Roses forum: Applying organic fertilizer 6" into the soil

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Ptrs
Jun 25, 2016 7:03 AM CST
Would it be beneficial to somehow place dry organic fertilizer (Mills Magic Mix) under the mulch and directly into the soil? Rather than removing mulch applying fertilizer and then remulching.
Name: Lyn
Weaverville, California (Zone 8a)
Garden Ideas: Level 1 Garden Sages Celebrating Gardening: 2015
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RoseBlush1
Jun 25, 2016 8:57 AM CST
Welcome! Ptrs ...

I am going to share my point of view which is not necessarily backed up by science of rules or anything else except my own version of common sense, which may be pure foolishness. Anyone else, please feel free to contradict me.

It would be wonderful to know where you are gardening, but in this case, I don't think it makes much difference.

What you are talking about is, in principle, the concept of a no till gardening. That's where everything is put on top and is allowed to be decomposed by the elements and worked down into the soil to the feeder roots to the plant for its use as time goes on. In nature, that's exactly how its done. No one goes out and pulls back the mulch / duff and puts down the nutrients ... unnamed ... and covers them back up for the plants. In fact, nature is rather inconsistent about providing the "proper" nutrients" for the plants in the garden we value as we look at her work.

Rule of thumb when we apply fertilizers in a no till garden is to water well before application and after applicatin. I like to apply all fertilizers during the growing season with a light hand often because the high summer temps in my climate seems to eat both mulch and fertilizers quickly. The roses seems to be happy and don't know that I haven't bothered to dig it in.

btw ... I have never used Mills Magic Mix. I may be telling you how to use it all wrong, so please use your own judgement and experience, too.

edit ... typo again ..
I'd rather weed than dust ... the weeds stay gone longer.
[Last edited by RoseBlush1 - Jun 26, 2016 6:29 PM (+)]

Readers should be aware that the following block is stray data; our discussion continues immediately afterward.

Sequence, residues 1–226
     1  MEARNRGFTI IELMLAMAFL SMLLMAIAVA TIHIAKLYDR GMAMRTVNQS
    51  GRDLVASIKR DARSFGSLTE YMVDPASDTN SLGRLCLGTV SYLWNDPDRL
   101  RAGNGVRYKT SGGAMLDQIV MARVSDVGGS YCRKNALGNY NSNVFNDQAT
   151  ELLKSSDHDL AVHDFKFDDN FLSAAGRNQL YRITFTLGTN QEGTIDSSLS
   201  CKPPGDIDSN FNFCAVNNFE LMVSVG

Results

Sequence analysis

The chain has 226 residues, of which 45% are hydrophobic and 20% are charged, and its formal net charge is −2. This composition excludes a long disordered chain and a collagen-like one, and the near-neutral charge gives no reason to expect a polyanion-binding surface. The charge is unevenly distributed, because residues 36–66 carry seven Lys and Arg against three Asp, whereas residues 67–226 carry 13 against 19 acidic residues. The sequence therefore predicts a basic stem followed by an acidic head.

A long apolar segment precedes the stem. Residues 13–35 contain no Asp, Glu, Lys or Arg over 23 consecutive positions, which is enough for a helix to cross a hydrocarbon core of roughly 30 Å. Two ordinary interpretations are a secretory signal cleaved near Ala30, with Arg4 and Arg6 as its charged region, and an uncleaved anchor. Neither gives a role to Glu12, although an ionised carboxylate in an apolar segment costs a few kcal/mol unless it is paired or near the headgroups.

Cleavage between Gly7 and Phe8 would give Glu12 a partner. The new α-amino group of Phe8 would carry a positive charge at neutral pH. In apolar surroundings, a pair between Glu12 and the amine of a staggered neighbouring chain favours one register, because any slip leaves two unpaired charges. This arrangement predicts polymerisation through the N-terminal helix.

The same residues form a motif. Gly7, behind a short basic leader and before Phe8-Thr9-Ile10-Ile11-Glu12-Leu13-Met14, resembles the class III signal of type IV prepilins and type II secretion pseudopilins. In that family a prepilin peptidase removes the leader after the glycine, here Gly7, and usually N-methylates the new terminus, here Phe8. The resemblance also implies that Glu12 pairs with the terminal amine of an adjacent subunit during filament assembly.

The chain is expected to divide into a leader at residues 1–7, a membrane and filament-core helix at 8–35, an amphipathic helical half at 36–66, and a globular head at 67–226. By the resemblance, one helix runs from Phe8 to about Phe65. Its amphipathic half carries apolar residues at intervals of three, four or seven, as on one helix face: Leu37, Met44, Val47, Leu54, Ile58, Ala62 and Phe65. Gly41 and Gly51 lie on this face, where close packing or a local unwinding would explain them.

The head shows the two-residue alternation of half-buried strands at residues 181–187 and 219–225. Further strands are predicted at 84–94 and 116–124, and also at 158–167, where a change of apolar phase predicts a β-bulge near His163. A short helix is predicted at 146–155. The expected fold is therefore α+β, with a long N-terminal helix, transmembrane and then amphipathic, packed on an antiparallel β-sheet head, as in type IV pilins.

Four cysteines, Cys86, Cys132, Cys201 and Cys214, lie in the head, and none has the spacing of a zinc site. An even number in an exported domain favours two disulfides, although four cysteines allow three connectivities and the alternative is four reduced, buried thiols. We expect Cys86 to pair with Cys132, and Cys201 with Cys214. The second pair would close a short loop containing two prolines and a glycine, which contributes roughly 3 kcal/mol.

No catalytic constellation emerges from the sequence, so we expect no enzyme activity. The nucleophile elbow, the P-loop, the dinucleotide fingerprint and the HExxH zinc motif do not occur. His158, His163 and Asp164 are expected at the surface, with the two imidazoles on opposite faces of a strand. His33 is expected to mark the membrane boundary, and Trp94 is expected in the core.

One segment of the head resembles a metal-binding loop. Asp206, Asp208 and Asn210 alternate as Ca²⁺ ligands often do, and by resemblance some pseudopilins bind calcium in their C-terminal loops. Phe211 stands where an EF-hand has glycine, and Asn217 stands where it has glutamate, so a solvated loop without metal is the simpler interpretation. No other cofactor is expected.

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Name: Andi
Pocono Mountains, PA (Zone 6a)
Charter ATP Member I helped beta test the first seed swap
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GardenQuilts
Jun 25, 2016 9:42 PM CST
Some natural fertilizers draw critters like chipmunks (I have to dissolve and ferment alfalfa if I want my plants to get any nutrition, chipmunks thought I bought them organic snacks at the feed store). Watering well with the application as suggested and moving the mulch helps. The critters don't like cedar or pine mulch. I like RoseTone (I like all the tones for what it is worth). It is very stinky, fishy kind of stinky when wet.

I bought bubble gum at the dollar store for the chipmunks. They are supposed to die constipated. I don't see a decrease in population or any waddling around holding their tummies, so it may not work.

I also apply fertilizer at lower dosages, especially in the hottest weather. I like to try to fertilize before rainy days if possible. A half or quarter dose more often seems to work well for me.

I keep mulch away from the drip line of the roses. If I am really lazy or overheated, I dissolve and pour the fertilizer (typically alfalfa tea) around the unmulched areas around roses and other plants.

Mulches and fertilizer can effect pH, so it is good to test the soil from time to time. My soil is already acidic, so I don't need to add acidic fertilizer like some rose gardeners.
Name: Andi
Pocono Mountains, PA (Zone 6a)
Charter ATP Member I helped beta test the first seed swap
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GardenQuilts
Jun 25, 2016 9:45 PM CST
I just thought of something that may be confusing to a new gardener. You want to be careful not to injure new roots.Watering in fertilizer is gentler than digging around the soil and disturbing the roots. Once the plants are planted, I don't dig around them. I top dress them with nutrients.
Name: Lyn
Weaverville, California (Zone 8a)
Garden Ideas: Level 1 Garden Sages Celebrating Gardening: 2015
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RoseBlush1
Jun 25, 2016 10:02 PM CST
Good points, Andi.

I don't use alfalfa or some other organic fertilizers up here in the mountains simply because of the critters they tend to draw to the garden, but I do believe in feeding lightly and often to avoid fertilizer burn. Watering before feeding is the best insurance to avoid injuring delicate feeder roots.
I'd rather weed than dust ... the weeds stay gone longer.
Name: Andi
Pocono Mountains, PA (Zone 6a)
Charter ATP Member I helped beta test the first seed swap
Image
GardenQuilts
Jul 3, 2016 9:56 AM CST
I saw a broken bag if alfalfa at tractor supply half price and gave it a try. I love it for amending planting holes. I think it won't burn the roots like some fertilizers or even putting medium. I like to add banana weeks, egg shells, coffee grounds, etc.when planting a rose. My grandmother used to add fish heads when planting. Don't have as many fish heads available as my grandmother.... need a live in viking, but can't find one worth the bother.

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